French company Air Liquide announced that it has completed the construction of the world’s largest Proton-Exchange Membrane electrolyzer (PEM) in Québec, Canada.
According to Air Liquide, the PEM is supplied with 20 MW of renewable energy and is now producing up to 8.2 tonnes per day of low-carbon hydrogen for industrial use and mobility. The unit is equipped with Cummins technology and, compared to the traditional hydrogen production process, it will avoid the emission of around 27,000 tonnes of CO2 per year, which is equivalent to the emissions of 10,000 cars per year.
In a press release, the company said that the Proton-Exchange Membrane electrolyzer was built in the city of Bécancour, in southern Quebec, because of the area’s easy access to abundant renewable power from Hydro-Québec and its proximity to the hydrogen mobility and main industrial markets in Canada and the United States.
“Hydrogen is an alternative to meet the challenge of clean transportation and thus contributes to the improvement of air quality,” the media brief states. “Used in a fuel cell, hydrogen combines with oxygen in the air to produce electricity, emitting only water. It does not generate any pollution at the point of use: zero greenhouse gases, zero particles, and zero noise.”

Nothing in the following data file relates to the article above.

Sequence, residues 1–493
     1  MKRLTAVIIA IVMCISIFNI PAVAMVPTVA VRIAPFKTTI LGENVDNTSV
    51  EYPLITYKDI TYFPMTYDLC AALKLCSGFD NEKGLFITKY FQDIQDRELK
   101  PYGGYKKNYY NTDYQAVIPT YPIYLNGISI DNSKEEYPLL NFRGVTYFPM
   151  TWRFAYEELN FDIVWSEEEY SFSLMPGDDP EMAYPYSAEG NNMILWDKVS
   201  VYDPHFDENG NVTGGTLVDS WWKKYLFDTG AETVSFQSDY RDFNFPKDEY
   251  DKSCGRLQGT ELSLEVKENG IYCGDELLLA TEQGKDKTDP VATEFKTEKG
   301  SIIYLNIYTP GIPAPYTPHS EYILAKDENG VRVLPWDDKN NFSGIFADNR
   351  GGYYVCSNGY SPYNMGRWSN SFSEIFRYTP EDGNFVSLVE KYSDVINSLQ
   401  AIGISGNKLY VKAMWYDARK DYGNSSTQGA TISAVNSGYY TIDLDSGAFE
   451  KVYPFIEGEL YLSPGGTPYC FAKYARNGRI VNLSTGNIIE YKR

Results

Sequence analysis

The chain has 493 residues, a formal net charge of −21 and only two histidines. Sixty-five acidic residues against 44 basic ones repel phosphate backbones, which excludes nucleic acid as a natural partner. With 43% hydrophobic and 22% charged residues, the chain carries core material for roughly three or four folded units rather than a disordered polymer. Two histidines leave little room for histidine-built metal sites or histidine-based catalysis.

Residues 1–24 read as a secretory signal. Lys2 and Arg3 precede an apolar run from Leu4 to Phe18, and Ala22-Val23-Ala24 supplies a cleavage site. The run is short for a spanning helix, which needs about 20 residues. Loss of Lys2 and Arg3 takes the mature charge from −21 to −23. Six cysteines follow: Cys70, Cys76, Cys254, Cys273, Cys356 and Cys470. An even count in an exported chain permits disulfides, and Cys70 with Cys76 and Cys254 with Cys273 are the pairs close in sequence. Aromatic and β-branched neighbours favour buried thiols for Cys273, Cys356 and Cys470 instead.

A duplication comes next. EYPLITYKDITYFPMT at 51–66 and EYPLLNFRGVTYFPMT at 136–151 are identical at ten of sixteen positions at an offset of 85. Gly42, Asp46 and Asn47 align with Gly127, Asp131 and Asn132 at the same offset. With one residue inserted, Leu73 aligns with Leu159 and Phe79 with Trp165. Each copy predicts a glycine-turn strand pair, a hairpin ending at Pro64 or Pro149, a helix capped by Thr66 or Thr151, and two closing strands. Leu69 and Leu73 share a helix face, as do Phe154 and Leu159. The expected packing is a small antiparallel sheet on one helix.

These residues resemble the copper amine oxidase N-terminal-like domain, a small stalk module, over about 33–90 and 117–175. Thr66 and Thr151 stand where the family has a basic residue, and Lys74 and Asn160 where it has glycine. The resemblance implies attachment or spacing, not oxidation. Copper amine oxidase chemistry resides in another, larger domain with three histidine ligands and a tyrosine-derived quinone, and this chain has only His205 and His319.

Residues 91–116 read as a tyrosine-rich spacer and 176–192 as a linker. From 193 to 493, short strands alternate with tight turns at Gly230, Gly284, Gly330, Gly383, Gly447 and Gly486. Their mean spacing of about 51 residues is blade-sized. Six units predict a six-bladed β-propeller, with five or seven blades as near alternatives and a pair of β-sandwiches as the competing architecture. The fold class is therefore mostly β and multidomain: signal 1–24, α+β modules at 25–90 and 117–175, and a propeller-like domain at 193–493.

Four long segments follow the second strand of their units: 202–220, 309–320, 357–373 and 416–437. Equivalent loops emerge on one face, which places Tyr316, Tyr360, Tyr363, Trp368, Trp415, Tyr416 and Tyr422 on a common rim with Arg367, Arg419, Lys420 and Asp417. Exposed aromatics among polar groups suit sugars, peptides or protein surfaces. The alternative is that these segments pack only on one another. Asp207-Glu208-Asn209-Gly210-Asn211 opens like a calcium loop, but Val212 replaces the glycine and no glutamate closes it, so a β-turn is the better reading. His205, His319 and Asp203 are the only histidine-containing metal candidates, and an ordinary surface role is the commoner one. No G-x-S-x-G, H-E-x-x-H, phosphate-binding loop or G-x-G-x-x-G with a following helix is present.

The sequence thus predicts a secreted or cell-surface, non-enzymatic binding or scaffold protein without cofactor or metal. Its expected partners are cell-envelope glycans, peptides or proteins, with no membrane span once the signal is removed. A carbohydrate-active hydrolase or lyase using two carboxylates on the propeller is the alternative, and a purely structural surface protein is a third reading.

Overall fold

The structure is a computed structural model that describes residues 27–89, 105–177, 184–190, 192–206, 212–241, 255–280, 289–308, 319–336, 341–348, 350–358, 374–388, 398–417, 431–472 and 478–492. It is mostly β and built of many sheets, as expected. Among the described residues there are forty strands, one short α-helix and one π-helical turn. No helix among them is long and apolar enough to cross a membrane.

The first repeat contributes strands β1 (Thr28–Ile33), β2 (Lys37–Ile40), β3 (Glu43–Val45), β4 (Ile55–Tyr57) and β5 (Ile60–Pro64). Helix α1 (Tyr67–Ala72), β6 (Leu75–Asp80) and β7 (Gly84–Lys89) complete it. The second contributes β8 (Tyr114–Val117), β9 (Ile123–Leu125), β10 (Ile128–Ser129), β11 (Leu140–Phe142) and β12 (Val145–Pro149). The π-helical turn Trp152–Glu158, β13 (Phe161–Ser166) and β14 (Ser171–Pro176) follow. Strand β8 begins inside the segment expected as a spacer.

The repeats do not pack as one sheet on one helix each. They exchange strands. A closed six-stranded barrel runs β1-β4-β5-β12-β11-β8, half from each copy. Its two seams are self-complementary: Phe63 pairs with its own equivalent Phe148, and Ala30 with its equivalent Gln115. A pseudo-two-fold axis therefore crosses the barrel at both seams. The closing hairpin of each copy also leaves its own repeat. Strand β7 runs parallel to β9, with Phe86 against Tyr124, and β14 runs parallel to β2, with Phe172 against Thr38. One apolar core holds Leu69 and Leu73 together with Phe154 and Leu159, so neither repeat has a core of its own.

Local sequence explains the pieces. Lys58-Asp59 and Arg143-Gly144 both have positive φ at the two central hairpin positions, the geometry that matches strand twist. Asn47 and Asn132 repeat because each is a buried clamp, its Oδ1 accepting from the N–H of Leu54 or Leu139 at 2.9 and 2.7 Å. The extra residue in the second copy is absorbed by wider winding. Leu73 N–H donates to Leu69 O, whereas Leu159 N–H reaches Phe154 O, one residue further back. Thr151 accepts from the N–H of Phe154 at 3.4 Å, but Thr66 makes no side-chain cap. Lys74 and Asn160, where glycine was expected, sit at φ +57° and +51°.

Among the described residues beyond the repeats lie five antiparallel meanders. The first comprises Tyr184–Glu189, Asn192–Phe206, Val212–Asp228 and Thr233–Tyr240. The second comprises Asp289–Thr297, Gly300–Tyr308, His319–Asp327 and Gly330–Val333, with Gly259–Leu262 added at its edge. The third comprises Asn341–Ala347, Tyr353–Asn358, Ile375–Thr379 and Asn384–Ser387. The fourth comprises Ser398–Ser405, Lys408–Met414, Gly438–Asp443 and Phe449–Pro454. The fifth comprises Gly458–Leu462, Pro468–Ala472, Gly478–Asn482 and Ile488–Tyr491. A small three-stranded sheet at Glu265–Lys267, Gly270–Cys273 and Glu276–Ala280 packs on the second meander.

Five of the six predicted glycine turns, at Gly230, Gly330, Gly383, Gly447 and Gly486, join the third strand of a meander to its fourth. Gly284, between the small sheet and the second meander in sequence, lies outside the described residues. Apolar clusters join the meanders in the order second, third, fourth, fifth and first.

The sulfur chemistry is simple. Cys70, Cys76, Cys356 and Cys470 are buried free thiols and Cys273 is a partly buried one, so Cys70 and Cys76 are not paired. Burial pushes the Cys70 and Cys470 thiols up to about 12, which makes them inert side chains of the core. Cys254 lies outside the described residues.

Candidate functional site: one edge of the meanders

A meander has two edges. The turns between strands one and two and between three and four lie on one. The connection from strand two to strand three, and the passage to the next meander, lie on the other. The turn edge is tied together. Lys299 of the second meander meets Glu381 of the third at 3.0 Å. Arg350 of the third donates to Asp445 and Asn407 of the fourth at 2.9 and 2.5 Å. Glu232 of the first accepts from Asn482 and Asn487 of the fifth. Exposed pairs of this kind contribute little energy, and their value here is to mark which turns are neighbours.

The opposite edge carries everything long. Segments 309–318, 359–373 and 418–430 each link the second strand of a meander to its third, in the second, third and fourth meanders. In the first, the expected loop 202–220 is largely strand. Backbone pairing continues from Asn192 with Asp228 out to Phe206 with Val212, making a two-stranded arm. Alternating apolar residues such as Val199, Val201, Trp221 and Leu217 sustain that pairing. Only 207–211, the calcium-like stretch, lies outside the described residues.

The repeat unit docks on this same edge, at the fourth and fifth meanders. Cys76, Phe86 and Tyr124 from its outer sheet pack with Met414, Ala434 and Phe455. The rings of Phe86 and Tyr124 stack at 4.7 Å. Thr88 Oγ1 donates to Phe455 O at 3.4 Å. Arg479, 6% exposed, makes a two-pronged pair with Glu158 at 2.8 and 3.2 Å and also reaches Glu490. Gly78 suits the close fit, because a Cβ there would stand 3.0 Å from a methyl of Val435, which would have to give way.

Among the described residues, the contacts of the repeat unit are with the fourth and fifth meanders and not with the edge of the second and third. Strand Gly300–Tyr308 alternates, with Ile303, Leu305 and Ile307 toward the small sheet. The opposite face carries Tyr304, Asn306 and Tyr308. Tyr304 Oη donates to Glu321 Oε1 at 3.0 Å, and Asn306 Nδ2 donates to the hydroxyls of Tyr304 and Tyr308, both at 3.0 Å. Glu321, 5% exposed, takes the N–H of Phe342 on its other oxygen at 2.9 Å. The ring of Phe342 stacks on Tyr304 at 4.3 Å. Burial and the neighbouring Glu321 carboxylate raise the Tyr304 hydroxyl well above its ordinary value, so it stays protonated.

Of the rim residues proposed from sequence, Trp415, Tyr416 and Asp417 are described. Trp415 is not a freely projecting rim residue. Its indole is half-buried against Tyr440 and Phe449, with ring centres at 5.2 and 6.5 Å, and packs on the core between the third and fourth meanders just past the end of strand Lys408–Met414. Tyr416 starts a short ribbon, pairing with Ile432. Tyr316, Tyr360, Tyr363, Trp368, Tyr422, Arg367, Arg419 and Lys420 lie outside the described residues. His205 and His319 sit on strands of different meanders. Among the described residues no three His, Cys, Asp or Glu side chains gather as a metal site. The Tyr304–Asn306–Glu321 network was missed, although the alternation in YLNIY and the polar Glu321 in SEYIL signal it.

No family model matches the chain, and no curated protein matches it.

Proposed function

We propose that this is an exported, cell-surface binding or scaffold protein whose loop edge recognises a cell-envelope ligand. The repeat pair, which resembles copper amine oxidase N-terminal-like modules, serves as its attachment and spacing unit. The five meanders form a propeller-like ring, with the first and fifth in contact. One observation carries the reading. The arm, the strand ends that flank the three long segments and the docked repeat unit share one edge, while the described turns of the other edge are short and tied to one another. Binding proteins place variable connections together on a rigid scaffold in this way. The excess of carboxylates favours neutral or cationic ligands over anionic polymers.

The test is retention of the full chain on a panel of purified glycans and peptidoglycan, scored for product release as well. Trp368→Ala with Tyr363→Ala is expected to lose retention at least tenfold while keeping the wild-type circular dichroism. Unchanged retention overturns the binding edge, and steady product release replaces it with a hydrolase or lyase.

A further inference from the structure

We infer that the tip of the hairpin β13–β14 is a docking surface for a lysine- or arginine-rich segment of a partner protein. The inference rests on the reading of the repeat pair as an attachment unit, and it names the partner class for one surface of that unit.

Air Liquide’s massive PEM is launched at a time when Canada has just started rolling out its “Hydrogen Strategy.” The plan presents the combustible gas as a key element in achieving the goal of decarbonizing the most-energy intensive and hard-to-abate end-use applications. This is a crucial step to meet the country’s commitment to reduce greenhouse gas emissions by 30% below 2005 levels by 2030.
The strategy also states that the projected domestic hydrogen market will reach C$50 billion by 2050.
Ironically, this federal plan did not take any input from Québec, whose Ministry of Energy and Natural Resources is working on a separate hydrogen strategy for the province.